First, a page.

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Life of the Sun
With winter approaching, the Sun can seem small and remote for those at far-northern latitudes. Its feeble light doesn’t do much to warm up the shorter days.
In the distant future, though, that won’t be a problem. The Sun will be much brighter than it is now, so it’ll keep Earth toasty warm all the time. In fact, within a billion years or so, the Sun will get so warm that it’ll boil away Earth’s oceans and air, turning our planet into a cosmic cinder.
The Sun is constantly evolving. It’s “fusing” the hydrogen in its core to make helium. That process converts about four million tons of matter to energy every second, which is what makes the Sun shine.
As more hydrogen is fused to make helium, the core gets smaller and hotter. Radiation from the hotter core pushes on the Sun’s outer layers, causing them to puff up, making our star even brighter. Astronomers estimate that it’s about 30 percent brighter today than when it was born four and a half billion years ago. And every hundred million years, it gets another one percent brighter still. So in a billion years, Earth will get so much solar energy that it won’t be habitable.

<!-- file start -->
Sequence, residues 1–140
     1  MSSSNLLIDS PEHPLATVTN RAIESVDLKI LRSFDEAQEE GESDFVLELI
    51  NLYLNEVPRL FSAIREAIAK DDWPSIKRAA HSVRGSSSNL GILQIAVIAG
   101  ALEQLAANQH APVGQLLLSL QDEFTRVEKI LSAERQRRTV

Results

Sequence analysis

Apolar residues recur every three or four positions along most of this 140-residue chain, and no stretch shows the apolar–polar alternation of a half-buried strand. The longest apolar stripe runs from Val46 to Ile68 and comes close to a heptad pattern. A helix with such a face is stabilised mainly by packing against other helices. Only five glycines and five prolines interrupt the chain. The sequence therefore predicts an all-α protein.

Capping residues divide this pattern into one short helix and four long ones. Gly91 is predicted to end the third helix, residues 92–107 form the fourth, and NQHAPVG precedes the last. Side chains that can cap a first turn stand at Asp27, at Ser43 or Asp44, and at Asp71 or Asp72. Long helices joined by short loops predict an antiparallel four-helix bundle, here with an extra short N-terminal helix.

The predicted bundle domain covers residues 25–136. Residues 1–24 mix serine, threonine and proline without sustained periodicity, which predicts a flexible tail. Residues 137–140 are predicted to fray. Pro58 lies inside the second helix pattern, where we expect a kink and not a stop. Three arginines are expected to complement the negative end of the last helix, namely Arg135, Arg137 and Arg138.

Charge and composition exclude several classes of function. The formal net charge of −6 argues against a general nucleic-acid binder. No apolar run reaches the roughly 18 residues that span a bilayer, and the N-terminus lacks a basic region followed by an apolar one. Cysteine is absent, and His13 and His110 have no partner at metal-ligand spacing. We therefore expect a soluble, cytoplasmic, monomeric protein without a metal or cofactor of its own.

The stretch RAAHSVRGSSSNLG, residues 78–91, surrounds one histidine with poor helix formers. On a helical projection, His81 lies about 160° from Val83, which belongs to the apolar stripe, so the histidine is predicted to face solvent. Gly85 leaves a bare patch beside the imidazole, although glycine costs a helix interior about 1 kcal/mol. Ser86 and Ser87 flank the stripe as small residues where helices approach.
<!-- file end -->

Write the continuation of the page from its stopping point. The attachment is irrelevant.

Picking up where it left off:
In about five billion years, the Sun will enter the next phase of life. It’ll puff up to giant proportions. Then it’ll start burning the helium in its core to make carbon and oxygen, and get bigger still. Finally, it will expel its outer layers, leaving only its hot but dead core, shining feebly through the cosmic night.
Script by Damond Benningfield